Oroville spillway crews remain confident as deadline approaches


OROVILLE, Calif. - Time is ticking to have the entire 3,000 foot spillway ready to take on 100,000 cubic feet per second by the next rainy season.

"On a scale of 1-10, I have a confidence level of 11 that we are going to get this work done before November 1st," said the Department of Water Resources Assistant Director of Public Affairs, Erin Mellon.

DWR said the top 730 feet of the spillway closest to the gates will remain as is this year, with the exception of a few patches and improvements. Mellon said that concrete is in really good shape with very good contact with the rock beneath it and it's much thicker than the part of the spillway that eroded in February.

The next portion is considered the upper chute, which is 870 feet. This has already been demolished and is currently being filled with structural concrete. The middle portion of the spillway is 1,050 feet. That will be filled with roller compacted concrete for now, for the sake of time. Next year, it will be filled with the more durable structural concrete as well.

"There are many dams and spillways across the country that are built entirely of roller compacted concrete," Mellon explained. "But, structural concrete has some added benefit, which is why that's what our final plan includes."

Kiewet Corporation said it is working around the clock and does expect to meet the deadline, but even the project director, Jeff Petersen, called this a 'pretty intense workload.' Petersen said his first reaction was "Holy cow. I'd never seen anything like it, since I'd been on the Mt. St. Helens highway reconstruction when I went up and saw that, and to see what mother nature did to this canyon was pretty crazy."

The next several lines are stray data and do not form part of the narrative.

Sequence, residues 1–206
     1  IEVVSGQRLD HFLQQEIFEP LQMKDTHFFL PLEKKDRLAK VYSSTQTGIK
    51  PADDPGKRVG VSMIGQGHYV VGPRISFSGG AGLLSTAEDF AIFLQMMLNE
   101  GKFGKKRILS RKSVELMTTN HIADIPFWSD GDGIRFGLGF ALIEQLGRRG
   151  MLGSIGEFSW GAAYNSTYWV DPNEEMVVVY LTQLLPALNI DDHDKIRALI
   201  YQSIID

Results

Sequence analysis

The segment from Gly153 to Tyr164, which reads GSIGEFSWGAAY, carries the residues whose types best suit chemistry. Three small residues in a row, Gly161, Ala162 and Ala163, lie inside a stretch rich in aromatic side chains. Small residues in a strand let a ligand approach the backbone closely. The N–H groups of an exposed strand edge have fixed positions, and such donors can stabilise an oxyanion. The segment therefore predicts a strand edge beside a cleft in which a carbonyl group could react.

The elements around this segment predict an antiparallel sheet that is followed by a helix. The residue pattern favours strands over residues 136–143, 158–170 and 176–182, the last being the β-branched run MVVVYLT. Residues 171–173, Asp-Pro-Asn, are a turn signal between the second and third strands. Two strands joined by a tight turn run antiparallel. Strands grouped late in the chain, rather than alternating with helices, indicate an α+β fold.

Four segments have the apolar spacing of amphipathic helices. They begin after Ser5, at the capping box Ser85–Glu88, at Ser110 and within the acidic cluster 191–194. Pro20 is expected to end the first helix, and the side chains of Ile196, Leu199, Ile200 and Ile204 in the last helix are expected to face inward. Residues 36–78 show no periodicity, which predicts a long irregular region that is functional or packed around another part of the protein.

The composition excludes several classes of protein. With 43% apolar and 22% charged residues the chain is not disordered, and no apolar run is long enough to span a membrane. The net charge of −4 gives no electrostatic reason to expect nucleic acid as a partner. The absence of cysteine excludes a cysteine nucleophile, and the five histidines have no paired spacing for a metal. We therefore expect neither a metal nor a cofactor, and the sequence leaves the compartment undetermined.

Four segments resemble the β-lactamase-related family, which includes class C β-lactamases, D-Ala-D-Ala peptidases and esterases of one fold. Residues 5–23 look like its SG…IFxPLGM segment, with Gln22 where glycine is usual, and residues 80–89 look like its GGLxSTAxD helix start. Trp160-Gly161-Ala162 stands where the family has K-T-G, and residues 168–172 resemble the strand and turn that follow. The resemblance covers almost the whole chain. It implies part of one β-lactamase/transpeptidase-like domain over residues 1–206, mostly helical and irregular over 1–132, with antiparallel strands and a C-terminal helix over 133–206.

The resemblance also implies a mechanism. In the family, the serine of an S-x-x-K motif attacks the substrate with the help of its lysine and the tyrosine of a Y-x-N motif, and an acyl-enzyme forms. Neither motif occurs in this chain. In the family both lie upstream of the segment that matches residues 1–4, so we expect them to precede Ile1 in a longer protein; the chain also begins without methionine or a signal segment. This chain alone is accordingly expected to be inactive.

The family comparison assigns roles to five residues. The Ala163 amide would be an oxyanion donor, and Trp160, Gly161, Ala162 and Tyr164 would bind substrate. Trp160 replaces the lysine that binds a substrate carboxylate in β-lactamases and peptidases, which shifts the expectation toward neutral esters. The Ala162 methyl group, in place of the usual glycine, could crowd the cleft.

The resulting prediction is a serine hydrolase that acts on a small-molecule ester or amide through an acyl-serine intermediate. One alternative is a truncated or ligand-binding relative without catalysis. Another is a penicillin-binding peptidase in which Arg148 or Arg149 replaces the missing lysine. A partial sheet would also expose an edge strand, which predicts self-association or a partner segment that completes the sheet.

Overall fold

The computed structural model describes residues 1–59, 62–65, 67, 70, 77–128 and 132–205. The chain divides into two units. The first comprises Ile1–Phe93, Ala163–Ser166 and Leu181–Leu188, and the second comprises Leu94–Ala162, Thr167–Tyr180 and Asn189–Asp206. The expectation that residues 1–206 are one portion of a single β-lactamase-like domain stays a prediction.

It's a first for many, including DWR officials who insist that they're doing everything they can so locals won't be seeing another repeat of the mass evacuation deemed necessary earlier this year.

"Everything that we're doing right now is to ensure that doesn't happen again," Mellon explained. "That includes our construction deadlines, prioritizing the main spillway and reconstructing it by November 1, we're also dropping the lake level to about 700 feet elevation by November 1st."

She reiterated that the safety of the people living in Oroville and south is their first priority and there was no way to see this near catastrophe coming.

The goal to lower the lake to 700 feet is about 200 feet below maximum capacity, before water starts going down the emergency spillway. A cutoff wall is also being constructed on that emergency spillway, which should stop any erosion to the hillside, should it need to be used again.

DWR also stressed that construction will continue well into 2018, so this November 1 deadline is more of a milestone. Come November 1, the plan is to have the spillway fully functional with a capacity to withstand 100,000 cfs if need be. But another layer of structural concrete will replace the roller compacted concrete in the middle portion next year, making the spillway even stronger.

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